SEASON & LOCATIONS:  The area open to fishing by CTUIR tribal members will occur in the mainstem North Fork John Day River with on opening seven days per week and continue until harvest target has been reached or until further notice.  All other tributaries in the John Day Basin are CLOSED to spring Chinook fishing.  This closure includes tributaries; Bull Run Creek, the Middle Fork John Day River and upper mainstem John Day River.

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UMATILLA RIVER FISHERY

RUN STATUS:  In-season adult returns to Threemile Dam are expected to exceed 1,000 adults.  The five year average is approximately 2,086 adult spring Chinook.  The broodstock collection goal of 550 fish has been achieved at Threemile Dam facility and transported to the South Fork Walla Walla facility for holding and spawning. 

SEASON:  Open to spring Chinook season starting on May 25, 2021 and continues until the harvest target of 75 fish is met or until further notice.   As of June 23, approximately 58 fish are remaining for harvest.

LOCATION:  Umatilla River and tributaries above the Hwy 30 bridge at Umatilla, except for natural production sanctuary areas above the reservation.  Sanctuary areas closed to fishing are: 1) the upper mainstem Umatilla River and its tributaries above the upper reservation boundary (above mouth of Ryan Creek); and; 2) Meacham Creek and tributaries above the paved county road bridge about 1/2 mile up Meacham Creek from its mouth.  NOTE: Above sanctuary areas are to protect salmon in the basins primary spawning habitat.   Also, 200 foot area (markers  posted) above  and  below  the  outlet  of  the  lmaques-C-Mem-lni-Kem  fish  facility  and  all  irrigation diversions dams/ladders will be closed to fishing.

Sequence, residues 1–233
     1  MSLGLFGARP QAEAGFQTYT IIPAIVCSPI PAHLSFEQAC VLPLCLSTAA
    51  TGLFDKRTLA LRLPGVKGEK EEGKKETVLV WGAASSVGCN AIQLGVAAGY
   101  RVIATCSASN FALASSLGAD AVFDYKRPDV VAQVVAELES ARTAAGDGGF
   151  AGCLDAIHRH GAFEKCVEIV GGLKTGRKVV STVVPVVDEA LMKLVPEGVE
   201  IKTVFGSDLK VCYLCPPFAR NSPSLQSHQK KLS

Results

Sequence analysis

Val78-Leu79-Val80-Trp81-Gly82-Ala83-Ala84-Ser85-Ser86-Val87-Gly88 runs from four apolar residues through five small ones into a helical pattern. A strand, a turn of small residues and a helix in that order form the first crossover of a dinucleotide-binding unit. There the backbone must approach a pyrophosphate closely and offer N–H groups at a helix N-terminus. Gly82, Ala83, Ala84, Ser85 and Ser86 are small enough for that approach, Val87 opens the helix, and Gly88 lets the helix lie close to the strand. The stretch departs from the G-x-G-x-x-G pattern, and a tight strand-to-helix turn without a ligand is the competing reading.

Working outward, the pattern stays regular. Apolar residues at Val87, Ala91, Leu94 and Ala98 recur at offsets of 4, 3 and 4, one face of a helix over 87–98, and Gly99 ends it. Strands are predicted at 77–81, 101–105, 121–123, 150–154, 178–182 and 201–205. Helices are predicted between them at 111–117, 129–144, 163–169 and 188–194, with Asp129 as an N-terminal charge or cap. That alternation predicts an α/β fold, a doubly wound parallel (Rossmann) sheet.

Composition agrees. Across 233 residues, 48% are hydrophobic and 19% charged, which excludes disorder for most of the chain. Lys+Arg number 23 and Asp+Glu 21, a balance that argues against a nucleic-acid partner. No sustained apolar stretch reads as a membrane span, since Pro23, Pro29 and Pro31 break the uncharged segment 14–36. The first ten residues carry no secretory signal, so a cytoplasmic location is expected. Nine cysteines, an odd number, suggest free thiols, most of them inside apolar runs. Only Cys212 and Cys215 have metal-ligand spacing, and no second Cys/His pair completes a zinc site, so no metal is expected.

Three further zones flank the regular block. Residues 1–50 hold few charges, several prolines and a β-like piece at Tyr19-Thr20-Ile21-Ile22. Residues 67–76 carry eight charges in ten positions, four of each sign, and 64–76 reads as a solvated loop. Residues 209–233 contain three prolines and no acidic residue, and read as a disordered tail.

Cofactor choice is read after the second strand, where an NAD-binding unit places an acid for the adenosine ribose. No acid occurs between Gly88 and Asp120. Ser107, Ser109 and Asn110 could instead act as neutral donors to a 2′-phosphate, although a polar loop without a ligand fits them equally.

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WALLOWA/LOSTINE RIVER FISHERY

Spring Chinook returns to the Wallowa/Lostine River in 2021 are expected to be about 246 natural and 554 hatchery fish.  Tribal fish harvest target of 2 natural and 40 hatchery fish have been set by the FWC.  A joint CTUIR/NPT fishery will occur this year and the fish harvest targets are the total available for both tribes.  The FWC may adjust the harvest target as additional in-season information becomes available.    

SEASON & LOCATIONS: The area open to fishing by the CTUIR tribal members will occur in the Wallowa River from its confluence with the Minam River upstream to the confluence with the Lostine River; then a 0.75 mile reach from the mouth of the Lostine River upstream to below the weir/adult trap.  Primary spawning areas above the fish weir will remain CLOSED to spring/summer Chinook fishing.  The Wallowa/Lostine fishery will occur in seven days per week and will continue until the harvest target has been met or until further notice.

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NON-INDIAN TROUT FISHING CLOSURE ON UMATILLA INDIAN RESERVATION:

Non-Indian trout fishing in the Umatilla River and tributaries on the Umatilla Indian Reservation - except McKay Creek system - is CLOSED through September 15, 2021 to provide increased protection to spring Chinook.